My teacher organises a bi-weekly visit and ever since that first opportunity, I’ve made sure to go to the hostel each Saturday, as I believe it is the utmost important thing in life to give back to the community by helping those less fortunate.


When we visited the hostels, all the donations came from either teachers and pupils, parishioners of St Euanan’s and from the Sisters of the Mother Teresa Missionaries. Although we were taking a variety of donations with us, I couldn’t help but feel that we needed more. So I thought I’d show a little initiative and thus decided to run an appeal during the season of Advent in St Mary’s, Duntocher. 


With a little inspiration, I had the idea to have a Christmas “giving” tree at the back of the church with the decorations being Christmas labels attached with a desired item on it, where the parishioners could take one and hopefully bring said item to be collected at the church. This was just a form of symbolism for the parishioners.

In order to raise awareness for my appeal and generate some buzz, I attended each of the Masses on the first Sunday of Advent and gave a short speech explaining what the appeal was all about. The sheer level of support blew any preconceptions out of the water. On the first day the appeal was announced, we received a cash donation of £75. By the end of the two-week period, we had amassed an incomprehensible amount of donations ranging from hats, socks, gloves, scarves, jumpers, t-shirts, chocolate bars, biscuits, toiletries and a further £50 in cash.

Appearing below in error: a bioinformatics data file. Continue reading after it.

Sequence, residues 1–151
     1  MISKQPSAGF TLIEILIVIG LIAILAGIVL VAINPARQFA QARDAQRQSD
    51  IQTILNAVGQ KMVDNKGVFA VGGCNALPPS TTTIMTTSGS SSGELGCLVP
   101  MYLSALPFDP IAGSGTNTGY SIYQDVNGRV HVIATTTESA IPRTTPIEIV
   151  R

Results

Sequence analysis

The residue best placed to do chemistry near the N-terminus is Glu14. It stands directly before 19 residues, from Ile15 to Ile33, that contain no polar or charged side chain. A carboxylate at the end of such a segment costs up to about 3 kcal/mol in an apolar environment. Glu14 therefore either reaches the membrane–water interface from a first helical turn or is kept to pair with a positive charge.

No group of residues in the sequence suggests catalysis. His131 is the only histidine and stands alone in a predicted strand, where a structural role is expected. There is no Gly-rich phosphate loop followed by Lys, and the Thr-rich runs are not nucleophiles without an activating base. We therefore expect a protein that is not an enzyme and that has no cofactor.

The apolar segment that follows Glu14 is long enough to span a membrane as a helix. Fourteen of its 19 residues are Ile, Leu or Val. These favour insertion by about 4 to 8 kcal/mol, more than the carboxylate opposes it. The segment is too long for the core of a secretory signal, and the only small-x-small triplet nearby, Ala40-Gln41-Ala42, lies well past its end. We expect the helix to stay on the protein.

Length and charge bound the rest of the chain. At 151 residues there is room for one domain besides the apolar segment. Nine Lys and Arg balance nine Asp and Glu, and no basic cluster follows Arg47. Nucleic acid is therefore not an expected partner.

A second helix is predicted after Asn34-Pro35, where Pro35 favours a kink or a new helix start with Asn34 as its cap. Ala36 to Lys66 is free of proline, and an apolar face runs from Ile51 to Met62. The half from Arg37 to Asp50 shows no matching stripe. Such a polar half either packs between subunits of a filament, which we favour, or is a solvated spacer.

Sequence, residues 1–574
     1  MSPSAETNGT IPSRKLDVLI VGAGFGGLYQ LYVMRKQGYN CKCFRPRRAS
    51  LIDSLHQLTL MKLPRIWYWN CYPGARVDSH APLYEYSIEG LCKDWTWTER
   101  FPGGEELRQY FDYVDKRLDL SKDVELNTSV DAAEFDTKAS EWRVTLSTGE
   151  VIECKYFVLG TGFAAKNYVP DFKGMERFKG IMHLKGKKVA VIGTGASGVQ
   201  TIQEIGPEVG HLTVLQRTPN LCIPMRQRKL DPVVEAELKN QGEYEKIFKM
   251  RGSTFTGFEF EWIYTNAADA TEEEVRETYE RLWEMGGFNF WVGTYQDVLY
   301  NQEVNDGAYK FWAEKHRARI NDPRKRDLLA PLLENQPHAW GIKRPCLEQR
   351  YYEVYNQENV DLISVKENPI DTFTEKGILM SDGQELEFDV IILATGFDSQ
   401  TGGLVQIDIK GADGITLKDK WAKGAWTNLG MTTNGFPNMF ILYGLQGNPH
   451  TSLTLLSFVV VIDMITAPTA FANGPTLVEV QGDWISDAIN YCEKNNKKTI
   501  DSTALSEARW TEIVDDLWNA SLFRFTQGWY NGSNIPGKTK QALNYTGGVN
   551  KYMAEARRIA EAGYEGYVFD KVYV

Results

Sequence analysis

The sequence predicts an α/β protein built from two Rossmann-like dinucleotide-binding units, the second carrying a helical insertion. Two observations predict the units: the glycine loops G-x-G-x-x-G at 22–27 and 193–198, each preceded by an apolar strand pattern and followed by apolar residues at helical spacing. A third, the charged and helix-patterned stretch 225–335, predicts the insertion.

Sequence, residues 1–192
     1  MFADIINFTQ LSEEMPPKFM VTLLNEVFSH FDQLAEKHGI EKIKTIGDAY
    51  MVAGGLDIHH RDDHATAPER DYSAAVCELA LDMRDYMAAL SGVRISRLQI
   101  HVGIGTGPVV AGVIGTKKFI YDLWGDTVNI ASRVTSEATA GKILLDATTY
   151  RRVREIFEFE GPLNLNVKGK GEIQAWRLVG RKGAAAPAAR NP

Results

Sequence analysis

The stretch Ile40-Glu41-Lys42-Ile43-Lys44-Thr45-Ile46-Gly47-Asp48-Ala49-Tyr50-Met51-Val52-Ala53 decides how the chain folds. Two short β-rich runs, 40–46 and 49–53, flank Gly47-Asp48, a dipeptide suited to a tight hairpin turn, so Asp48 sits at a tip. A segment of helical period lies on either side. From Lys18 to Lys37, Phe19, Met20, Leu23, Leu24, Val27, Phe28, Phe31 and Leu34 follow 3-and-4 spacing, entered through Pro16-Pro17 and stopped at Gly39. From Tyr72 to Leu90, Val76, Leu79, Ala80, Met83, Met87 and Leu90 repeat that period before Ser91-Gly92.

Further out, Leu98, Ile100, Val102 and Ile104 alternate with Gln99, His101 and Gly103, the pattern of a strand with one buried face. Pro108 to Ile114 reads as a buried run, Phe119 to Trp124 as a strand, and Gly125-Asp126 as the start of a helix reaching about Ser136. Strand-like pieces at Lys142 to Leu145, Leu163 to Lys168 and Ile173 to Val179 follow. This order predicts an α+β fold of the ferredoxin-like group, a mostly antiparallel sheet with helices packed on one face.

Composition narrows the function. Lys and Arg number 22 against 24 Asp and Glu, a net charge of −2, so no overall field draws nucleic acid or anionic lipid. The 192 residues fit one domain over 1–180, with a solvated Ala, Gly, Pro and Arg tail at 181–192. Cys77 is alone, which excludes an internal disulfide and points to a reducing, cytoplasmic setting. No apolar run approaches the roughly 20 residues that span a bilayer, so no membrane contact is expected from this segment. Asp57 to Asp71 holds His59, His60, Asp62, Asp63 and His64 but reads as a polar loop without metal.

I have to say that the parishioners of St Marys’, Duntocher, are a credit not just to the community, but to society. The generosity expressed by the parishioners will go a long way towards bettering the lives of those less fortunate than ourselves. I intend to continue running this appeal for many advent seasons to come. Thank you for taking the time to read this piece.



Image: The Give Me Five Campaign

09/02/2018
by Emaan Basat - Caritas Sudent

Emaan Basat is a pupil at Notre Dame secondary school in Glasgow and for this week's Justice and Peace Scotland blog Emaan shares the report she wrote for her Caritas Award class evaluating her participation in the Give Me Five Campaign.